Omaha daily bee. (Omaha [Neb.]) 187?-1922, May 08, 1921, Page 10, Image 10

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    10 A'
Mysterious Disappearance of Black
Plans for Naval Warfare on Germany
Remains Unsolved to the Present Day
Th ar ln ttit l"t "ProWwn lullan, Hl-V." doling with tuvil Urtlr (gainst
nrmuir In Atlantlo miiatki Did Hermans attml our secret! or wso they good (Utwrs!-Trubable
solution ef mitt;.
former Swntiry of th Navy 1913 to 1921.
Copyright, 1121. by John f Dlltt. Copyright by National Nawipapr.r Servlus. Copyright In final
Britain, Canada and throughout France. All rtohta reserved. Including translation Into foralgn
laoguago, Including Ilia Scandinavian. Unauthorized reprinting (or any purpota forbidden.
What became of the lost Black plan is still a mystery. Made out by
the general board, guarded with the greatest care, handled by the proper
authorities, is was carried into effect and then it vanished utterly.
The discovery that one of our secret naval plans was missing came
when it was too "late to have any effect pon the situation. But that did
not prevent the newspapers making the most of the sensation, especially
such as, for political reasons, had it in for the navy department.
They would never have heard it
was missing, nor would we have
known it was missing, had we ot
looked it up for the purpose of prov
ing to certain clamorous critics that
we had not gone to war without
plans. Long ago it had served its
purpose as a plan, and, as we tup
posed, had been filed away with
thousands of other documents for
purposes of record. But there we
were wrong. The plan had not b :cn
filed away, nor could any trace of it
be found. To this day it has not
been found.
And it was an important plan at
the time it was used. It was a plan
of vital importance.
' Navy's "Black Plan."
The navy for many years has had
a set of plans to cover possible sit
uations which might develop in the
Atlantic, the Pacific, the Caribhcm
sea or other open waters. These
plans originated with the general
board, of which Admiral Dewey
was chairman until his death in Jan
uary, 1917, and were kept up to dale
by frequent revision.
The plan dealing with possible
hostilities in the Atlantic was known,
as the "Black plan." In February.
1917, in its rqyised and up-to-the-minute
form, it dealt, of course, with
the probability of war with Ger
many. On February 4, the day after
BcrnstorlT was dismissed, the Fun
eral board had recommended in de
tail the principal steps to be taken in
case of war with the central powers
mobilization of the fleet, naval dis
tricts and auxiliary vessels; large in
crease of navy and marine corps u?r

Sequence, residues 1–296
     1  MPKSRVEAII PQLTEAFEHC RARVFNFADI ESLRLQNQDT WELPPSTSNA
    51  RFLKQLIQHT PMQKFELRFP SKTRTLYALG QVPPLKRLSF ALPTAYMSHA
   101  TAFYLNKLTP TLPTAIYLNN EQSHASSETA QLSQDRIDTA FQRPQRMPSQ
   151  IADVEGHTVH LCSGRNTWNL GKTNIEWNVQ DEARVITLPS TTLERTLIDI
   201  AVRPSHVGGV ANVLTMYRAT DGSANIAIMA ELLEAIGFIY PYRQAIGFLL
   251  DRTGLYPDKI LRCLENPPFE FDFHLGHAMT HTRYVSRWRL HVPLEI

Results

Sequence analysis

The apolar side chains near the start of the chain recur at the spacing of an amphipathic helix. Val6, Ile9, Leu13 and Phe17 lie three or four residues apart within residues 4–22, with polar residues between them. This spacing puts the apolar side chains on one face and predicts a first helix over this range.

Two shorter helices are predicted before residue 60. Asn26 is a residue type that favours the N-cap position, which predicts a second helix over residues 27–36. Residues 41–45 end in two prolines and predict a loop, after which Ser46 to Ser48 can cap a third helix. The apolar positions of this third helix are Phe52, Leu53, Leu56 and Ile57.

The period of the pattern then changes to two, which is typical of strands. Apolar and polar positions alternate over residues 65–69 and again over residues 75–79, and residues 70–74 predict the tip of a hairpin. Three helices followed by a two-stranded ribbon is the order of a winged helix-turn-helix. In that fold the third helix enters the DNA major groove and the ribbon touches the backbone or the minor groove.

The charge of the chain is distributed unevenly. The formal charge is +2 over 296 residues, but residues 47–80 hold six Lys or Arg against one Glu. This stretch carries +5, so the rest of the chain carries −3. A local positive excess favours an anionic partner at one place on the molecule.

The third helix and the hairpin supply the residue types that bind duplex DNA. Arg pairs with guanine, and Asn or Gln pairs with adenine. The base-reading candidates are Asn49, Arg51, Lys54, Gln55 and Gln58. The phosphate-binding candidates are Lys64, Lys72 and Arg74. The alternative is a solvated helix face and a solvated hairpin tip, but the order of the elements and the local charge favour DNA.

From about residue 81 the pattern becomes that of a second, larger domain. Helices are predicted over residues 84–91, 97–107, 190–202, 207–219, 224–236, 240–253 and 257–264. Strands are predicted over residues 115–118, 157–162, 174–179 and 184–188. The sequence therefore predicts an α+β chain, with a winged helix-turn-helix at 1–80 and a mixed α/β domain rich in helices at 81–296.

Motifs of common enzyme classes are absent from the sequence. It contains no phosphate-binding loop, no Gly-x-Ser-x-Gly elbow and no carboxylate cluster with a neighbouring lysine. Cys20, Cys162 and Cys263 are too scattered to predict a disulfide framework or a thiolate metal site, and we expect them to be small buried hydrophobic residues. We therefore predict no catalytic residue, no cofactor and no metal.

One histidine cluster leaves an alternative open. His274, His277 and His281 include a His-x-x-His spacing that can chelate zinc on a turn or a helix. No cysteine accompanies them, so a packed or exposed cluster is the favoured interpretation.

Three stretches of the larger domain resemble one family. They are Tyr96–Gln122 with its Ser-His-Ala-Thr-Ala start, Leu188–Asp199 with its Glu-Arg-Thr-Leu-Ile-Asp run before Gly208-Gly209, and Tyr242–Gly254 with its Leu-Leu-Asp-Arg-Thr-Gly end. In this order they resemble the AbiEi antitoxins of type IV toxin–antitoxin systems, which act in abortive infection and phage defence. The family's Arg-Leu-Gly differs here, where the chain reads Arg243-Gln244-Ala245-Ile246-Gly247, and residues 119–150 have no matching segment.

sonncl; nets and mines to guard
ports and home waters against sub
marines, arming of merchant ships,
and other measures, and, "most im
portant, arrange, as soon as possible,
plans of co-operation with the naval
forces of the allies for the joint pro
tection of trans-Atlantic commerce
and for offensive naval operations
against the common enemy."
The general war plan was com
prehensive; special recommenda
tions had been made as to the vari
ous steps we should take. But I
wanted also a definite statement as
to the strategy and general policy
we should pursue upon the declara
tion of war. These studies are
called "problems," and on February
10 I addressed this letter to the gen
eral board:
"February 10, 1917. To the Gen:
cral Board: Subject, 'Solution of
"1. The department desires the
general board to consider the fol
lowing problem and submit its solu
tion as soon as practicable:
"General Situation Conditions as
at present except that war with Ger
many is declared.
"Special Situation The allies do
not desire our battleship force at
"Required Naval estimate of the
"First, as to the grand strategy
demanded by the, situations.
"Second, as to disposition of bat
tleship force.
"Third, as to the method of assist
ing in maintaining communications
with Europe, including scheme for
co-operation with allies.
"Fourth, as to the methods of
driving submarines from the sea.
"Assume Mobilization of all na
val vessels and possibility of mobil
izing merchant vessels as required.
The board made a careful study
of the whole situation, and a week
later made a report covering all the
matters set forth and sent it to me,
with the following note of trans
mittal: Problem Is Solved.
"General Board, Navy Depart
ment, Washington, Feb. 17, 1917.
To Secretary of the Navy: Subject,
'Solution of Problem,' Black.
"Reference (a) Navy Department
Confidential Letter of February 10,
1917. '
"1. In accordance with reference
(a) the general board submits here
with problem and solution based
upon the general and special situa
tions described in the Navy depart
ment's instructions.
Such care was taken to keep this
document from anyone except the
secretary and the office of "naval
operations that even the general
board retained no duplicate of it.
Aftre being submitted to me for ap
t roval, it was turned over to the
chief of naval operations;-all plans
ihat had been approved were in their
turtody. They were familiar with
:heir provisions and drafted the
necessary orders for carrying them
into effect. But plans were s care
ful'y safeguarded that only those di
rectly concerned were allowed to see
And yet, in spile of all our pre
cautions, the document containing
the general board's "Solution of
Problem. Black" was gone!
The most thorough search failed to
find any trace of it.
How long had it been missing? No
one could answer.
Not Stolen by German Spy.
The newspapers hinted that it had
been stolen by some German spy.